Professor & patients' paper on the solvable biological challenge of ME/CFS: reader-friendly version
Simon McGrath provides a patient-friendly version of a peer-reviewed paper which highlights some of the most promising biomedical research on ME/CFS ...
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Gut microbiota: Microbiota and neuroimmune signalling—Metchnikoff to microglia

Discussion in 'The Gut: De Meirleir & Maes; H2S; Leaky Gut' started by Sushi, Aug 6, 2015.

  1. Sushi

    Sushi Senior Member Albuquerque

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    adreno, Kyla, SOC and 4 others like this.
  2. shannah

    shannah Senior Member

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    Research from Ireland. Unusual.
     
  3. Ema

    Ema Senior Member

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    Here's a penny summary of the summary:

    Basically they have discovered through studies of germ free mice, that the gut microflora influences the maturation, number, shape and response of the microglia by influencing a number of different genes.

    They checked this by giving normal adult mice an antibiotic cocktail that decimated their intestinal flora and those mice started demonstrating the same features of the microglia as the germ free mice.

    Those effects were able to be reversed when they repopulated their gut flora.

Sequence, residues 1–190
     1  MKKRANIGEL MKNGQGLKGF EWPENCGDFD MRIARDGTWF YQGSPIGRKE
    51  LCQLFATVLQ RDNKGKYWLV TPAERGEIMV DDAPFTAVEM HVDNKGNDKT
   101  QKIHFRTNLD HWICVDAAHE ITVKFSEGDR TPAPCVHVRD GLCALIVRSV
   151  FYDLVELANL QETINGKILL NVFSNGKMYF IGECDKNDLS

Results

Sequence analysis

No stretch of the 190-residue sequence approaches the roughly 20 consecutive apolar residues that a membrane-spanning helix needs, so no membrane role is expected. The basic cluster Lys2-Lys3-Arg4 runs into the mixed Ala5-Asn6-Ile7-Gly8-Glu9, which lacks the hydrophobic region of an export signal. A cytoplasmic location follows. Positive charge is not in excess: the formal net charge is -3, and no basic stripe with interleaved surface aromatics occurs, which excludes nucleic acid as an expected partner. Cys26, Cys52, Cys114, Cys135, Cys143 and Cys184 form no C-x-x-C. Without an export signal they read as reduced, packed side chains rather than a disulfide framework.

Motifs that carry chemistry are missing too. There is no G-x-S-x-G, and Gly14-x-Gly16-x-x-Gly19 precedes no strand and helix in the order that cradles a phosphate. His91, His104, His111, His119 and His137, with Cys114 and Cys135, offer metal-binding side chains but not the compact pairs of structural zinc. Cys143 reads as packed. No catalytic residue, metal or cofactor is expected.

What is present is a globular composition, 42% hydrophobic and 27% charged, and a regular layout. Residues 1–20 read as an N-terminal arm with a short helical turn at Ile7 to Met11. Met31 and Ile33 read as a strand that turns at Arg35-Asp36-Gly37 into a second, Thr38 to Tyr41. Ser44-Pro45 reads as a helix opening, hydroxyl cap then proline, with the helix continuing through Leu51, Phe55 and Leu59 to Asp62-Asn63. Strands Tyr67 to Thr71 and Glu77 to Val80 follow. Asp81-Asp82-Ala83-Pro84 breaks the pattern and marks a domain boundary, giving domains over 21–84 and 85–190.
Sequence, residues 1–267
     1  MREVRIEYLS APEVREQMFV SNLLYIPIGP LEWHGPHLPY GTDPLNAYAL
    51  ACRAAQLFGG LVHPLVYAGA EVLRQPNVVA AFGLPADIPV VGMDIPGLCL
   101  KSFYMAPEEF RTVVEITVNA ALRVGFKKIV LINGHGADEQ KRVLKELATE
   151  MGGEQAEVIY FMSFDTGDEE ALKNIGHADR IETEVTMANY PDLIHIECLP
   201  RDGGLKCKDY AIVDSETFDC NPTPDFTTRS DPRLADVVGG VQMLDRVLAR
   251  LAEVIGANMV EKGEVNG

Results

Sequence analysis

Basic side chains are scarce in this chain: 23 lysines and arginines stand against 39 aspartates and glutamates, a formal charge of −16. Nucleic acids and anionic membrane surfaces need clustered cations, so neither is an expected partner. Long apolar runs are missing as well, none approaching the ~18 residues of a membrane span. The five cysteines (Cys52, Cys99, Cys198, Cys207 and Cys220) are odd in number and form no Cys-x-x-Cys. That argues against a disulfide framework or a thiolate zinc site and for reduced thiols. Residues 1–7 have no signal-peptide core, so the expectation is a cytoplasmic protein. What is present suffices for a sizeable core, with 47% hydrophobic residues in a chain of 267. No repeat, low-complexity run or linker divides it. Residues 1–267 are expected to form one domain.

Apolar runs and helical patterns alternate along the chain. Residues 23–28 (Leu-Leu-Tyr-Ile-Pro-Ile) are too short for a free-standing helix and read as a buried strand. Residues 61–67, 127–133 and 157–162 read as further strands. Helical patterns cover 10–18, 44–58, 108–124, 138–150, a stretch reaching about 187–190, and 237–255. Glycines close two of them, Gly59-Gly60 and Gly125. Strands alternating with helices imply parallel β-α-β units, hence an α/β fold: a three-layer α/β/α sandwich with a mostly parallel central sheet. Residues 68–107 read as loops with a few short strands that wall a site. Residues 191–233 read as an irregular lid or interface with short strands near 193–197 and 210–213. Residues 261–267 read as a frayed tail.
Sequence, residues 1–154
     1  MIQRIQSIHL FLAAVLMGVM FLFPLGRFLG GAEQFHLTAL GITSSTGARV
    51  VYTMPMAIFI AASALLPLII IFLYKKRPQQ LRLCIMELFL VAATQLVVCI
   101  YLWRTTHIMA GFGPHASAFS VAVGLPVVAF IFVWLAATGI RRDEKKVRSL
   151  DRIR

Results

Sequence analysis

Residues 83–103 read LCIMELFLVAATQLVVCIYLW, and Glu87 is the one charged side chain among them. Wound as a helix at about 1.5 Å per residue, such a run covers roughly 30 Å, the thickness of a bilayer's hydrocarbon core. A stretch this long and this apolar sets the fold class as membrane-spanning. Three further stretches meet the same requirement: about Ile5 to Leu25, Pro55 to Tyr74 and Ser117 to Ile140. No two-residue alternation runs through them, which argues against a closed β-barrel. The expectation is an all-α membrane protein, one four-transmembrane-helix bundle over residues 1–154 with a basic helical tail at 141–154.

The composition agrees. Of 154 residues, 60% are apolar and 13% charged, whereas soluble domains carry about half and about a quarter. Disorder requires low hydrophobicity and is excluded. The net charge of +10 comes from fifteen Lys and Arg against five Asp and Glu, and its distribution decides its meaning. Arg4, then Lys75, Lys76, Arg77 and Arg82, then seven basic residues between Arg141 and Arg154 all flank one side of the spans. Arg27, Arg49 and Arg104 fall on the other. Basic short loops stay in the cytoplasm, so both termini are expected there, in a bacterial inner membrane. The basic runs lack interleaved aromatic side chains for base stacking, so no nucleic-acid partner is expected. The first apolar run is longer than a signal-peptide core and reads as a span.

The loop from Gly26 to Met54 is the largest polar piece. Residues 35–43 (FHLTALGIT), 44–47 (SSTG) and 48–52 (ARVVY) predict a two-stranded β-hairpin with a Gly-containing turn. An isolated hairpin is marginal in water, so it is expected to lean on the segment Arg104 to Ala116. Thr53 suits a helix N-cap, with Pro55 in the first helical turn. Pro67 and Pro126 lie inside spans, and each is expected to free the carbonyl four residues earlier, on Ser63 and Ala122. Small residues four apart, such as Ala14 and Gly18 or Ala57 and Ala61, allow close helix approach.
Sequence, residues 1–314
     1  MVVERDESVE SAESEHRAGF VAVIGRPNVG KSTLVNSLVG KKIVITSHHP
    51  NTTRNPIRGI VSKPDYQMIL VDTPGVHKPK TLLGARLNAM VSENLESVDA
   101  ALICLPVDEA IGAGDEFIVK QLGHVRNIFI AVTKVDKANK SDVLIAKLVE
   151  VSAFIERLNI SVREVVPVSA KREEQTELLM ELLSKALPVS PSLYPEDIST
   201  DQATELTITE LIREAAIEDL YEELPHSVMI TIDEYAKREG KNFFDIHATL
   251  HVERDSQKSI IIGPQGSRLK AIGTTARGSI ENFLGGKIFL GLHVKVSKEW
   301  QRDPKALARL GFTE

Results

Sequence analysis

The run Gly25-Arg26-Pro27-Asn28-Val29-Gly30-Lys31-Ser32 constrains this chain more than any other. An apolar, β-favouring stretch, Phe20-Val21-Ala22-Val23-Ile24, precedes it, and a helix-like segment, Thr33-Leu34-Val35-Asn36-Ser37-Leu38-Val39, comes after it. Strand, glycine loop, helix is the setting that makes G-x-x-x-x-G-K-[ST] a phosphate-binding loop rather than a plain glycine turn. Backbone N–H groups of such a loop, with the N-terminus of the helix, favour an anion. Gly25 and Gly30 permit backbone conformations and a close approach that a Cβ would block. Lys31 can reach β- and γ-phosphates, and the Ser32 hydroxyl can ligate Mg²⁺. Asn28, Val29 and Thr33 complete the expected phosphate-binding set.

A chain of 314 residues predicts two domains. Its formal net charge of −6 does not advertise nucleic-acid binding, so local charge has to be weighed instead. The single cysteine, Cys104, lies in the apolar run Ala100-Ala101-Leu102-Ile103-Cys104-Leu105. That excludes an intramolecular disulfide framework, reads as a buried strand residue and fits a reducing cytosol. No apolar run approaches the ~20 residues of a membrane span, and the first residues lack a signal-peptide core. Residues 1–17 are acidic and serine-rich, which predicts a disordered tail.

Then it talks about what components of the microbiome are responsible for these effects and it mentions short chain fatty acids (sodium butyrate, sodium propionate and sodium acetate) in particular even though no receptors have been found in the brain yet.

    This process of the microbiota influencing the microglial cells is crucial during development but also persists into adulthood. And so studying this further should provide interesting avenues for treatment of various disorders.
     
    Helen, A.B., Sasha and 3 others like this.
  4. Sushi

    Sushi Senior Member Albuquerque

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  5. Sidereal

    Sidereal Senior Member

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    Not really. University College Cork is one of the main academic centres in the world doing microbiome research.
     
    Helen, sarah darwins, halcyon and 5 others like this.

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